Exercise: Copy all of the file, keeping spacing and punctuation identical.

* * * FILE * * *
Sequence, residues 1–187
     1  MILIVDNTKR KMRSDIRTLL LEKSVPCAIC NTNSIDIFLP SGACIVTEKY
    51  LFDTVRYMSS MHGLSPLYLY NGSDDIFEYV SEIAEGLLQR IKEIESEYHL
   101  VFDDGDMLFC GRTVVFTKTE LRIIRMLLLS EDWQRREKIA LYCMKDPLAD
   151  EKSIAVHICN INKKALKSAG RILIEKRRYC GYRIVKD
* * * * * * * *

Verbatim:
Sequence, residues 1–187
     1  MILIVDNTKR KMRSDIRTLL LEKSVPCAIC NTNSIDIFLP SGACIVTEKY
    51  LFDTVRYMSS MHGLSPLYLY NGSDDIFEYV SEIAEGLLQR IKEIESEYHL
   101  VFDDGDMLFC GRTVVFTKTE LRIIRMLLLS EDWQRREKIA LYCMKDPLAD
   151  EKSIAVHICN INKKALKSAG RILIEKRRYC GYRIVKD